I’ve lived in the UK for over 20 years so the early expat days are a little foggy in my memory. I belong to some expat groups and each of these groups has members who have lived in the UK for anything from next month to thirty years. I mostly enjoy these groups as a place to share stories and laugh at our experiences. And it’s fun to be reminded of some of the things I used to think about a lot when I was still shiny and new in this expat life. Usually, at worst, the chatter on these threads is frustrated or annoyed about a cultural difference. Sometimes, more rarely, it becomes angry.

The anger is directed towards the UK and the people in it. When I see these threads it is always the new expats who are joining in.    more ...

Michelle Garrett

Deciding On Dual Citizenship, Or Not

Posted by: Carole on Friday March 21, 2014 (02:06:25)   (3293 Reads)
Michelle Garrett
I’ve lived in the UK about 24 years and apart from the time I abandoned logic and decided to travel without my old passport that says ‘Indefinite Leave to Remain’ as well as my current one I’ve never really strongly considered getting a dual citizenship.

(Have you ever been detained at Heathrow? It’s fun! No, not really but it does give you a self-deprecating story to tell to fellow expats.)    more ...

Michelle Garrett

Relax! It Might Not Be An Expat Thing

Posted by: Carole on Thursday February 20, 2014 (05:22:32)   (3247 Reads)
Michelle Garrett
Perhaps it was the very specific Northern Mother-in-Law who first instilled the fear of tea in me. If she were in a good mood I would get lots of jokes about an American’s inability to make a cup of tea, or if she were in a bad mood it would be ‘just let me do it.’ I learned from her that there are as many ways to make a cup of tea as there are tea drinkers and so I understood early on in my expat life that offering to make a cup of tea for a British person I was in a no-win situation.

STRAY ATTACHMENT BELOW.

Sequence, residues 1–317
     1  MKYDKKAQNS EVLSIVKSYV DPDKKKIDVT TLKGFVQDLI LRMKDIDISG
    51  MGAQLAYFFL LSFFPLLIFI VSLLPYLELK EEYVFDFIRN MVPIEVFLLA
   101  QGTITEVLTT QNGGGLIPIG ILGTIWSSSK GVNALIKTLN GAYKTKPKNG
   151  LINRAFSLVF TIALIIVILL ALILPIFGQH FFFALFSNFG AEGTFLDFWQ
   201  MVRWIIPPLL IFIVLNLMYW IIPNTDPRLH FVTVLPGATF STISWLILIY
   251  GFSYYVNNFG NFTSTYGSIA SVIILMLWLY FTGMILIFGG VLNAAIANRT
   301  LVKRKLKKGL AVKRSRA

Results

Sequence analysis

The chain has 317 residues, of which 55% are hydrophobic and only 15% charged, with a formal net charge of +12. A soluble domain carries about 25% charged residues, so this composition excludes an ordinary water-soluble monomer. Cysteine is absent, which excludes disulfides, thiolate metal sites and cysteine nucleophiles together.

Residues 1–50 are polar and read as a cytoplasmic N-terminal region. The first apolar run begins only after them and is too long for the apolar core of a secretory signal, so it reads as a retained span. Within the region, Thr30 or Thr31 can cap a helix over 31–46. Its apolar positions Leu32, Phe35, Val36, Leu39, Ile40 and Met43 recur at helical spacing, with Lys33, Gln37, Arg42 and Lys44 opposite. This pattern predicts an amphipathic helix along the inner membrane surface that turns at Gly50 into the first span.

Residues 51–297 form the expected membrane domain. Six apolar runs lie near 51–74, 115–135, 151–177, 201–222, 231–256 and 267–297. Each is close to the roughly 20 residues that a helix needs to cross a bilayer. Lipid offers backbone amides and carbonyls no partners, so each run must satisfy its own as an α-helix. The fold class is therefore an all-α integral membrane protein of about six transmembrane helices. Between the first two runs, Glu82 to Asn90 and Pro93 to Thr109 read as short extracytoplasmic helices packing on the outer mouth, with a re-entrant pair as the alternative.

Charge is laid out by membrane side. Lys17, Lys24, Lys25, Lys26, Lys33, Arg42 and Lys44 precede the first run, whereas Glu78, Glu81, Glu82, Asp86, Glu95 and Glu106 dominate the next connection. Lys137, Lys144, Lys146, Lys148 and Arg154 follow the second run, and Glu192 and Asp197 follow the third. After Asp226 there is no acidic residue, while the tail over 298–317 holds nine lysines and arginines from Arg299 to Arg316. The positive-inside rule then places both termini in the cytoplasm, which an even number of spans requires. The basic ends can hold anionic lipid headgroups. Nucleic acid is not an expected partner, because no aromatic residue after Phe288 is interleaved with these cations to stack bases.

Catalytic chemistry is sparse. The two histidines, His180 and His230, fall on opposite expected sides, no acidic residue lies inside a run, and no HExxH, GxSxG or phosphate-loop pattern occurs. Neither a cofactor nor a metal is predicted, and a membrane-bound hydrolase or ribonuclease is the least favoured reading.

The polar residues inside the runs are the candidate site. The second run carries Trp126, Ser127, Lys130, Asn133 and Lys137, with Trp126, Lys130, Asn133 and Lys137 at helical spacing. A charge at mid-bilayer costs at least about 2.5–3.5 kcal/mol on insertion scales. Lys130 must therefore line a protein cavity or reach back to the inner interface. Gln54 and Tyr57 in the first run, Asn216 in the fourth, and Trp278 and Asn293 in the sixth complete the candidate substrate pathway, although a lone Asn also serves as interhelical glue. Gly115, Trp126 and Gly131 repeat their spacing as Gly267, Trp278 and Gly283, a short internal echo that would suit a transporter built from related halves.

Or maybe it’s just me. Not all Americans have this fear (or inability) or perhaps some expats are just thick skinned. There is some value in a thick skin, as an expat anyway (I think the proper term for it is ‘emotional resilience’: the strength to deal with the howling gales of frustrations in your new life without becoming ripped apart).    more ...

Michelle Garrett

Why I Love The British Boxing Day

Posted by: Jamie on Friday December 20, 2013 (21:34:11)   (3821 Reads)
Michelle Garrett
As an American living in the UK one of my favourite days of the year is Boxing Day, the day after Christmas. The day off, after Christmas. Until I moved to the UK I had never heard of Boxing Day.

Boxing Day is a public holiday originating in England, which is now celebrated in many other countries in the commonwealth with a mainly Christian population.